The city of Lebanon is considering two requests from food truck vendors for the creation of food pod zones within the city.
Lebanon currently allows individual food trucks to operate within commercial zones in the city as long as they obtain a permit and have permission from the property owner.
A food pod would bring multiple trucks together at one site.
Kelly Hart, the city's Community Development Director, discussed the issue during the city council session on Wednesday, Aug. 14, at the Santiam Travel Station. Hart said the city does not currently have any rules in place to govern how such a pod might operate.
Hart provided the council with information about a wide range of food truck pods from around the state. She said there are three levels of operation. At the most basic level, the food trucks are fully mobile and are regulated individually but there are no additional rules governing their operation in a group setting. No improvements are made to the surrounding area, seating is not provided and restrooms are not required.
At the mid-level, Hart said, the trucks remain fully mobile but some improvements are made to the site, including seating, and restrooms are available nearby.
At the premium level, the food pod becomes a permanent installation, with site improvements, seating, covered areas available for inclement weather, and restrooms on site.
Hart said it is up to the council to determine which model, or mix of models, it would like to follow.
Councilor Jason Bolen said he would be concerned if there were no regulations for pods, especially in the area of public health and safety. He believes rules need to be in place to regulate their utility use, trash handling and waste discharge.
"Personally, I think at least some sort of site improvement needs to be there, otherwise we're going to have dusty, muddy, dirty, gross - to me - areas for poor food sales," Bolen said. "To me, it's not conducive to what we want in the commercial zone."
Councilor Rebecca Grizzle said she would support rules to regulate public health and safety but she is not interested in regulating the aesthetics of the food pods. She believes that if owners want to make site improvements and offer covered seating, that is their decision to make and not the city's.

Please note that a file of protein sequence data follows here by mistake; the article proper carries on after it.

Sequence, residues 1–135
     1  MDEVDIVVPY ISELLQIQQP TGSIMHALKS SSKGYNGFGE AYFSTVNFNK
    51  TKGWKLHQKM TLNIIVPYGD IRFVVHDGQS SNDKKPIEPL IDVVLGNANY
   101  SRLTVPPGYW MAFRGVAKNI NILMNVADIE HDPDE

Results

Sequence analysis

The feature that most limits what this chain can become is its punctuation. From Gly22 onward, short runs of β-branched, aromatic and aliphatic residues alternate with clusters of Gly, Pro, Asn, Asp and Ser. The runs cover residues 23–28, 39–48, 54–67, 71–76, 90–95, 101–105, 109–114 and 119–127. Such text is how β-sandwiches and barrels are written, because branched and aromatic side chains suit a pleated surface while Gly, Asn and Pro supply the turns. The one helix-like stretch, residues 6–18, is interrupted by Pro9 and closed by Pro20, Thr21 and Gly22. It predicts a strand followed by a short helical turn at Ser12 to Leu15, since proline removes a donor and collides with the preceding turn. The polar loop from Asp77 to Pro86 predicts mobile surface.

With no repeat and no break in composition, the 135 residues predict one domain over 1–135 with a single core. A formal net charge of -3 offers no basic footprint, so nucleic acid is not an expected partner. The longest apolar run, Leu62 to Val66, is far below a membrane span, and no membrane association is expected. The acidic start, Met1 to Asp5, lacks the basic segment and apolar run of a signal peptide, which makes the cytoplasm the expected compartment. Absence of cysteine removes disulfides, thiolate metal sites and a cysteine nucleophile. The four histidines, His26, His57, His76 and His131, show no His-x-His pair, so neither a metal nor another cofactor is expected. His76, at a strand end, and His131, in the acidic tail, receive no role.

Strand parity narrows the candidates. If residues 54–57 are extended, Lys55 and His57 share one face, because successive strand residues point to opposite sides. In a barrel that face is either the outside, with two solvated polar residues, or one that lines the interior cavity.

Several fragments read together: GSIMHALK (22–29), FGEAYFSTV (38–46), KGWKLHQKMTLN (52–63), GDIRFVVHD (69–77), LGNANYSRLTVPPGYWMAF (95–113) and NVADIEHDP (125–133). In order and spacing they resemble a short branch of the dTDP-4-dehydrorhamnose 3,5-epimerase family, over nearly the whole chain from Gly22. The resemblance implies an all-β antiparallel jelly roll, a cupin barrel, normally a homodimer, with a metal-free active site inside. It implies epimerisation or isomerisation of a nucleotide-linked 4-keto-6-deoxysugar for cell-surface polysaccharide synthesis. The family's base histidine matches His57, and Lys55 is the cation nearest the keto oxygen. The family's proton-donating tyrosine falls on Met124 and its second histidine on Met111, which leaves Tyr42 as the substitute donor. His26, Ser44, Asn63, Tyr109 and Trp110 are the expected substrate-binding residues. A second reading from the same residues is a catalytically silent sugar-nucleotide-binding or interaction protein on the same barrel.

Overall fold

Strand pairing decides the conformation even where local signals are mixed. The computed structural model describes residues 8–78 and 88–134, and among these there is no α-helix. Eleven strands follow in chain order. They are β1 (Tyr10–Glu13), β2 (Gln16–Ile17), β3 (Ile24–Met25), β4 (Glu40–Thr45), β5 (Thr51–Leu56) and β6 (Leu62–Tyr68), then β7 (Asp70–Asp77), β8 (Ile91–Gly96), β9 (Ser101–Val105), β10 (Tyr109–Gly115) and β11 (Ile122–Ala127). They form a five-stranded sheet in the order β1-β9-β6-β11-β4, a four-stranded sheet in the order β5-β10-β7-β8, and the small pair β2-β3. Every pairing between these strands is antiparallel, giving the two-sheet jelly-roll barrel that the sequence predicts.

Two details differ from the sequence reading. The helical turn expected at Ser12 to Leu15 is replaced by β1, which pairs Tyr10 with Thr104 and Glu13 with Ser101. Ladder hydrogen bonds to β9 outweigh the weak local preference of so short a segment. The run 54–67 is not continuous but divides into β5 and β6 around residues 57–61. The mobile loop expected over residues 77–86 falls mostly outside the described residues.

The currently proposed food pods would be located at the intersection of Park and Sherman and at the intersection of Third and Sherman.
Based on the council discussion, Hart will work with staff to develop a basic set of health and safety regulations for food pods and bring them back before the council for consideration.
The council also heard a request from the city's marijuana dispensaries to expand their operating hours. Jasper Burton spoke on behalf of the dispensaries and noted that the current ordinance requires dispensaries to close at 8 p.m. The dispensaries requested that this time be moved to 10 p.m.
Mayor Paul Aziz suggested that city staff review the request and bring a report back before the council for potential action. The council supported this request.
The council also gave final approval for refunding Samaritan Health Services the development fees it has paid for construction of the Samaritan Drug Addiction and Alcohol Treatment Center.
The council had discussed this issue at the June session and was told by former development director Walt Wendolowski that it was always the intention of the city to not charge these fees to Samaritan projects within the North Gateway Urban Renewal District. Waiving these fees is a way for the city to support the development of facilities that serve the interest of public health.
The reimbursement of these fees, which total $116,424, was unanimously approved.